Saturday, December 04, 2010

The decay of the Little Cumbrae lighthouse, does anybody care?

We approached the Little Cumbrae lighthouse from the sea. It is positioned...

...on a raised beach which lies behind a low cliff rising from the current sea level. The "Nature Reserve No Access" sign was put up by one of the previous owners who was more interested in privacy than nature.

A large winch hauled supplies from the landing stage up a light rail track to the base of the cliff.

A jib crane then lifted the supplies up to the top of the cliff.

The boathouse is still remarkably dry inside.

At the top of the cliffs, to the south of the lighthouse, a white washed building houses the long silent diesel generators.

Behind the generator house a plain concrete building houses the new automated light which was built in 1997.

From the new lighthouse we walked up to the walled complex of the old lighthouse and the keepers' cottages. Robina McLaren tells of her childhood in these cottages from 1960-63.

Most of the windows were still glazed...

...but sadly some of the sashes had collapsed, letting rain into these fine old buildings of pink sandstone.

The detail and workmanship was astounding.

Inside the empty rooms, the rain had done surprisingly little damage to the hardwood floors and even the plaster on the walls was in reasonable condition. The gentle moaning of the wind at the empty windows now replaced the voices of generations of keepers and their families that once lived here.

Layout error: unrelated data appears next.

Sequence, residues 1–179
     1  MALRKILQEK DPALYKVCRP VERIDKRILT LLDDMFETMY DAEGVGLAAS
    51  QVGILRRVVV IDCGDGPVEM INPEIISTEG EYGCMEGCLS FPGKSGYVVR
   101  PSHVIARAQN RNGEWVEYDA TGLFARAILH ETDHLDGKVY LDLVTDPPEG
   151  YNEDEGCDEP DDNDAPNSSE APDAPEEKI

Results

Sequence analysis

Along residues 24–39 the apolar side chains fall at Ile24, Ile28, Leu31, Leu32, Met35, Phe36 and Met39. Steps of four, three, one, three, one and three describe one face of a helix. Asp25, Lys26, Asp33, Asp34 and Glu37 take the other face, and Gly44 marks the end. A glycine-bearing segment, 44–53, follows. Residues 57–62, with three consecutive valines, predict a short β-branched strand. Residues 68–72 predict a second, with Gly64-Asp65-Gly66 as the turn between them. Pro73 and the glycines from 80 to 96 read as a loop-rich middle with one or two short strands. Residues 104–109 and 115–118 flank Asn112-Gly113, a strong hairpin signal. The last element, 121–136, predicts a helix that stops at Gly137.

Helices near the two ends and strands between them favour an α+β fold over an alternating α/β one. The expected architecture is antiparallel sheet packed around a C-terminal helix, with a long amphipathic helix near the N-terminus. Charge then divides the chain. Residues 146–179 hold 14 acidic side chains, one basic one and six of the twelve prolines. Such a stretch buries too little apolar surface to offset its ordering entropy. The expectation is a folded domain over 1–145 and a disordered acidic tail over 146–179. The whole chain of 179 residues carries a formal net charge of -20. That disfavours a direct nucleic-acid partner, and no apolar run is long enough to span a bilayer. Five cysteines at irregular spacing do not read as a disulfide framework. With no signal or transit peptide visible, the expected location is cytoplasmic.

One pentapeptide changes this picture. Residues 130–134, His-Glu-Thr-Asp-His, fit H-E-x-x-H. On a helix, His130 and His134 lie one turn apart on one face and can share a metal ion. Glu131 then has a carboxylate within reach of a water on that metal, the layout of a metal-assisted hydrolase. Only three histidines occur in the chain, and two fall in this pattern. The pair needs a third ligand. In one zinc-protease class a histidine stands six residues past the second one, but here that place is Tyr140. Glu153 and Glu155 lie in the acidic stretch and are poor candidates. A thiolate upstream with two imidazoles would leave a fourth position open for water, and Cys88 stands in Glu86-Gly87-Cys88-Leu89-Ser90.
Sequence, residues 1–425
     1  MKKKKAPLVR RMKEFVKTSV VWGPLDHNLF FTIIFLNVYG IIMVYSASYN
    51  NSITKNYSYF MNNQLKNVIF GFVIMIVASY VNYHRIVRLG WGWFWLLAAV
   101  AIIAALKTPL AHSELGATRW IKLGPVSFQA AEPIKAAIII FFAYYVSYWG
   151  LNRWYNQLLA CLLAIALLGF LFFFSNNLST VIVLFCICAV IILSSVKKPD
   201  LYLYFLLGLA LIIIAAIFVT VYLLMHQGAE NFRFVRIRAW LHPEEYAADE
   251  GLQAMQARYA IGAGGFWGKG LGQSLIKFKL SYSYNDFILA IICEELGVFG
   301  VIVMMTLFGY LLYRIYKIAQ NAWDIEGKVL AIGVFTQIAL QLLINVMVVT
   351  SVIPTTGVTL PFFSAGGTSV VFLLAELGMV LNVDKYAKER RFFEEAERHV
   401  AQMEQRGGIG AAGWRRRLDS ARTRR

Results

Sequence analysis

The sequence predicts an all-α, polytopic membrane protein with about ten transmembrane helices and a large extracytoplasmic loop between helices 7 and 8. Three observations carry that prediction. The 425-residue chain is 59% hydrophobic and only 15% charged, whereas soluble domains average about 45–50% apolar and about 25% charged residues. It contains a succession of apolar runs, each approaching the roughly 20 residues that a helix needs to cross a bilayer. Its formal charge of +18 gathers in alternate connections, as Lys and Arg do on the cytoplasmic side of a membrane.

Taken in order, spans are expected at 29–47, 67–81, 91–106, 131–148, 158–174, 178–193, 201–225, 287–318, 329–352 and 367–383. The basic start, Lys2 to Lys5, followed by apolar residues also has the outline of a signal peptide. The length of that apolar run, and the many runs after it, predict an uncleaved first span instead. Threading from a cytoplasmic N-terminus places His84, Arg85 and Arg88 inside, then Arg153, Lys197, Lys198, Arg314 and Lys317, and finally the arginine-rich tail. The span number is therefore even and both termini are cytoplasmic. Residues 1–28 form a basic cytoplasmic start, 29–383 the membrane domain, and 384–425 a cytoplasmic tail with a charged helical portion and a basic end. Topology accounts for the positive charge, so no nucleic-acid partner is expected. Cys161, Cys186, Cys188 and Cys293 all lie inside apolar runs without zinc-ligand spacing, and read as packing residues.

The upstairs rooms had a marvellous view of the lighthouse and Arran and Bute beyond.

We walked from the keepers' cottages towards the lighthouse, topped by its beautiful copper cupola. It was built by  Thomas Smith and Robert Stevenson in 1793.

From the balustrade round the base of the lighthouse we looked south past the crane, and the new lighthouse... Holy Island and distant Ailsa Craig

Entering the lighthouse through a door that was jammed open we found the control panel for the battery charger ...

...and the banks of lead acid batteries.

In the basement of the tower another panel controlled the operation of the light and its lenses.

We now climbed up the spiral...

...staircase and ladders to the gantry that runs...

...round the  inside of the lantern room. Sadly the light and lenses have been removed. To the west, the view extended right across the Firth of Clyde.

To the east, the lantern room overlooked the keepers' cottages which we had recently explored.

Even the chimney pots had wonderful detailing.

Beyond the cottages, a track snaked up the hillside towards the houses on the east side of the island.

The base of the lighthouse had small open "portholes" that went right through the wall.

If you stuck your eye up to the hole you could look right through the tower and out through an identical  and perfectly aligned porthole on the opposite wall. I wonder what they were for?

It seems such a pity that these beautiful old buildings are being allowed to decay. The people who designed and built them showed more care. The keepers who kept the place spic and span for the regular inspections would have been horrified.

Looking down, we could see the rising tide had nearly reached the kayaks; it was time to leave the lighthouse to the elements and to its inevitable decay.